Lectin preparations
The bacterial lectins: PA-IL, PA-IIL, CV-IIL, RSL, and RS-IIL, were isolated from cell extracts of P.aeruginosa ATCC 33347, C. violaceum (Bergonzini) ATCC 12472, and R. solanacearum ATCC 11696, purchased from the American Type Culture Collection (ATCC) (Manassas, Virginia), and purified, as described earlier [5,10-12]. Quality controls of the purified lectins were performed by SDS-PAGE with Coomassie brilliant blue staining.
The fruit and onion extract preparations
Extracts of fresh banana (Musa acuminata), carob (Ceratonia siliqua), date (Phoenix dactylifera), fig (Ficus carica), grape (Citrus paradisi), kiwi (Actinidia chinensis), pineapple (Ananas comosus), pomegranate (Punica granatum) and onion (Allium cepa) were prepared by their chopping, suspension at 10% (V/V) concentration in 0.025 M phosphate buffered (at pH 7.2) isotonic saline (0.85% NaCl) solution (PBS), and homogenization in a food processor. Each suspension was centrifuged (10,000g) for 10 min and the supernatant fluid was carefully collected. A half-volume of each supernatant was dialyzed overnight (using a dialysis membrane cut-off of 10 kDa) against x500 volume of PBS at pH 7.2 (refreshed three times) at 5°C. Both the non-dialyzed and dialyzed preparations were divided into several 1-mL aliquots for storage at 5°C for a few days or at -20°C for longer periods.
Hemagglutinating activity (HA) determination: The lectin HA was determined using papain-treated human type O (H) red blood cells (erythrocytes). The erythrocytes (kindly obtained from the Magen David Adom National Blood Services in Israel) were washed 3 times with PBS, and then treated with 0.1% papain with 0.01% cysteine, as previously described [5]. A 50-µL sample of each bacterial lectin preparation examined (starting in 20 µgmL-1 solution) was serially 2-fold diluted in tubes with 50 µL of saline. Then, saline and 5% (V/V) suspension of the papain- treated erythrocytes in saline (50 µL each) were added to each tube and thoroughly mixed. After 30 min at room temperature, the tubes were centrifuged for 30 sec (1000 ×g), and HA was examined, as previously described [5]. The highest dilution leading to agglutination of all the erythrocytes in one mass was determined. The activity was represented by the number of tubes (2-fold dilutions) in which there was hemagglutination (Log2 dilution-1 = 7 means 7 positive tubes = positive reaction up to dilution of 1:128, or original activity of 128 hemagglutination (units).
Hemagglutination inhibition (HAI) test: In the HAI test, each seed extract was serially 2-fold diluted in 50 mL of saline. Then 50 mL of the lectin solution (at highest dilution that agglutinates all the erythrocytes in one large mass) was added to each tube. After 30 min at room temperature, 50 mL of the papain-treated human O type erythrocyte suspension was added to each tube and HA was examined, as described above [5]. HAI intensity was represented by the number of 2- fold dilutions (Log2 dilution-1) without considerable hemagglutination preceding its reappearance.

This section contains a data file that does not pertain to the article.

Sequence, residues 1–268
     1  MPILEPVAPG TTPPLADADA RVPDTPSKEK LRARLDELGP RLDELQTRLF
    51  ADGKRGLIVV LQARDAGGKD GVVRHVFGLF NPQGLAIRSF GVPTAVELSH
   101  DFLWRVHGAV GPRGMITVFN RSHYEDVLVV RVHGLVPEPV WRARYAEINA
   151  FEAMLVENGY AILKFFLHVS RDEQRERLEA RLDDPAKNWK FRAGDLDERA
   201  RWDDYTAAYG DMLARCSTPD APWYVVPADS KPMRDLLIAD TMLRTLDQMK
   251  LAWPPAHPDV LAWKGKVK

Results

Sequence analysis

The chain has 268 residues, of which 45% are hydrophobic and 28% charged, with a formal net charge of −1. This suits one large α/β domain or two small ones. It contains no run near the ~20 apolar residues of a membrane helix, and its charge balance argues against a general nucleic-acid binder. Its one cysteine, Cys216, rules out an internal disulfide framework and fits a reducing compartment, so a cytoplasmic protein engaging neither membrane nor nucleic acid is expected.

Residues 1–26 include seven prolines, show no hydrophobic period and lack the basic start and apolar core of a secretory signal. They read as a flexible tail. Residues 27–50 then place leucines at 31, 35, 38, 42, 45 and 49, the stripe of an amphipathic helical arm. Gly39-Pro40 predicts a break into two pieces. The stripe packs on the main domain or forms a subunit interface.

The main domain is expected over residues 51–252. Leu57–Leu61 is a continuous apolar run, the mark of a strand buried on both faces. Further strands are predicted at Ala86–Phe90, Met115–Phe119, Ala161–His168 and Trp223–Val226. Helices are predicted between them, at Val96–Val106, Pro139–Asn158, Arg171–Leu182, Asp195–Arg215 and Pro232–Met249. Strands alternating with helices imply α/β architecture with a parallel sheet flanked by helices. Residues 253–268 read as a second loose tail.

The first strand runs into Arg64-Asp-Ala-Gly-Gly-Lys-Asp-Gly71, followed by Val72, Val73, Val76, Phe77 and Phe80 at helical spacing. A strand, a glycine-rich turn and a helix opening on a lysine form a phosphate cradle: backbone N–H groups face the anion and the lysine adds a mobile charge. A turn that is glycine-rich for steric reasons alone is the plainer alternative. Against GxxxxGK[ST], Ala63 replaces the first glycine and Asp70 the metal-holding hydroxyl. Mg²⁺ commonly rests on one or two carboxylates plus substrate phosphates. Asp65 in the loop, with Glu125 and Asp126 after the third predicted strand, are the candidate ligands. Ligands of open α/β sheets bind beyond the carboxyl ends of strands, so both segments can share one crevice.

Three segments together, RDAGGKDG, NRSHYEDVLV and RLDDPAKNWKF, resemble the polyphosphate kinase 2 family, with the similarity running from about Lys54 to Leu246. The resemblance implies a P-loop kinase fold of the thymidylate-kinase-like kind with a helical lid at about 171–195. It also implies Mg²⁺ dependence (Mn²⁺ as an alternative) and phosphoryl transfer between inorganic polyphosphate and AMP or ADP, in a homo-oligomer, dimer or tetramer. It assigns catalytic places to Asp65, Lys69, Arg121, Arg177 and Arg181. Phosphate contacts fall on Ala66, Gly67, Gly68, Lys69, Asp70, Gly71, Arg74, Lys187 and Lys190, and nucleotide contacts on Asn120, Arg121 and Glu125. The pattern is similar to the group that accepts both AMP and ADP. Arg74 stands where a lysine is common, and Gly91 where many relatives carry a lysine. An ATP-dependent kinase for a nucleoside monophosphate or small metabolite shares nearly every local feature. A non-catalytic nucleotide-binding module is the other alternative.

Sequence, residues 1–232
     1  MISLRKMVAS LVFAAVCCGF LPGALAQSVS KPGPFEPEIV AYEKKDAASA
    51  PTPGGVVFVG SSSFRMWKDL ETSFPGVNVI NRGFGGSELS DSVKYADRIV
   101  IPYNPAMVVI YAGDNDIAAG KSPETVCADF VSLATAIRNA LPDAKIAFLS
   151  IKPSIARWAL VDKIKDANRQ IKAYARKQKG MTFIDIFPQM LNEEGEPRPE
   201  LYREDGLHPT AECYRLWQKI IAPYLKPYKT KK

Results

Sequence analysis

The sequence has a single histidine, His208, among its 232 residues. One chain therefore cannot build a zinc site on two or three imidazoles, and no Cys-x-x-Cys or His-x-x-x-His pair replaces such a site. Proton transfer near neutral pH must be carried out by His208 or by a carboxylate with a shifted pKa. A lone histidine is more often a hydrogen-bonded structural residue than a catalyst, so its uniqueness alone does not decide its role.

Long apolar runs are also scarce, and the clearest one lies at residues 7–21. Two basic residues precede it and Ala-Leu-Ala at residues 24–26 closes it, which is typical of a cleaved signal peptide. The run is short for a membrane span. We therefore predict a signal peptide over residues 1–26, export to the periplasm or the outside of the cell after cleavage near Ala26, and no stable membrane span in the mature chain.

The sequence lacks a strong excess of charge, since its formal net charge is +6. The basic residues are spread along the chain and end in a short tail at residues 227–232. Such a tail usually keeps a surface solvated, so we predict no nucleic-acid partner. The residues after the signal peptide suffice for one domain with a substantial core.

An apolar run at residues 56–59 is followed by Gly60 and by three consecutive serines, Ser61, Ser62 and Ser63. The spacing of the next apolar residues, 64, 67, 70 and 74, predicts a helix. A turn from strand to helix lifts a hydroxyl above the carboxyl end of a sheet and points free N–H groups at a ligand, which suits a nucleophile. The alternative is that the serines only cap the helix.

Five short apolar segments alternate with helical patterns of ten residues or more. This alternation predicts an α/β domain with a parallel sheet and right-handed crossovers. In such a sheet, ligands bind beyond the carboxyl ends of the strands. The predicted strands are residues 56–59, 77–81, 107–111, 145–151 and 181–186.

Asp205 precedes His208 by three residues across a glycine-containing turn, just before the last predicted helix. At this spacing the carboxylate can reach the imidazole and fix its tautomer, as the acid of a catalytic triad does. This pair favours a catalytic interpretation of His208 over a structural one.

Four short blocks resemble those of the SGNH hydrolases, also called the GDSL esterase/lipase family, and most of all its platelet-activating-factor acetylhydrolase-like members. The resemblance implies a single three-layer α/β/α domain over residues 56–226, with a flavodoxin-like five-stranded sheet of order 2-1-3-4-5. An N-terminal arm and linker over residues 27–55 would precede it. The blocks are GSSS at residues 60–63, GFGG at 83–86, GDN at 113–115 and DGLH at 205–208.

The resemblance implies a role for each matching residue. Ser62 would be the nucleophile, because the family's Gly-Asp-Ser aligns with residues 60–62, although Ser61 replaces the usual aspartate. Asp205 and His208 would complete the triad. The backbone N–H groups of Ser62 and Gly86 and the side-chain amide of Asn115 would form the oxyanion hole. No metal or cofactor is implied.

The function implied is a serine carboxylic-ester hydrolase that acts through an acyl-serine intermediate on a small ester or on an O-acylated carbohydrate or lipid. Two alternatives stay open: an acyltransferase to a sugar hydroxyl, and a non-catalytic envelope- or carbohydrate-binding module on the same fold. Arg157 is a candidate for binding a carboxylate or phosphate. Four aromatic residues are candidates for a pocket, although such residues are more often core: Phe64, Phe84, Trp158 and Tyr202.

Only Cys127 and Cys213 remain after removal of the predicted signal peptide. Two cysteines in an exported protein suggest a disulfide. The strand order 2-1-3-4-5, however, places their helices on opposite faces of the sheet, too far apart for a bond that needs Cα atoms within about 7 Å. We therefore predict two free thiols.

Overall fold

Western blot (Wb) analyses: Wb analyses demonstrating the differential peroxidase-labled lectin interactions with individual SDS-PAGE-separated GPs, were performed as follows: 15-µL samples of each fruit/onion extract at a concentration of around 1 mg.mL-1 were mixed 1:1 with a sample buffer, boiled, and applied to wells in 10% SDS-PAGE (at 140 V) in a Mini-PROTEAN Cell 3 Electrophoresis (Bio-Rad, Hercules, California), as previously described [43]. Following SDS-PAGE, the proteins were transferred to a nitrocellulose (0.45 µm, Bio-Rad) membrane at 4ºC for 2 h (85 mA/40-50 V) using the Mini Trans-Blot Module (Bio-Rad). The membranes were incubated overnight in blocking buffer 0.02 M, PBS pH 7.2, containing 3% bovine serum albumin and 0.05% Tween 20, exposed to horseradish-peroxidase–labeled lectins (about 1 µg/mL-1, dissolved in the same blocking buffer with 0.1% Tween 20) at room temperature for 2 h, and then thoroughly washed. The peroxidase reaction was visualized using enhanced chemiluminescence (Amersham International PLC, Buckinghamshire, UK) and recorded onto photographic films. Controls with the peroxidase-labeled lectins in the presence of a 0.3 M concentration of the relevant blocking sugars in their reaction mixtures were used in parallel in order to rule out nonspecific (sugar-independent) lectin binding [43].
Statistical analysis: The HAI results were analyzed by Student's t-test. The data presented in the figures generally represent means ± SE (standard errors of the means) of at least five experimental results for each lectin.
AcknowledgmentTop
The authors express their gratitude to Ms Sharon Victor for her great help with editing and preparation of this manuscript and to Ms Ela Gindy for her great help in the graphic presentation. This work is part of the PhD thesis of Ofra Rachmaninov, Bar-Ilan University.
ReferencesTop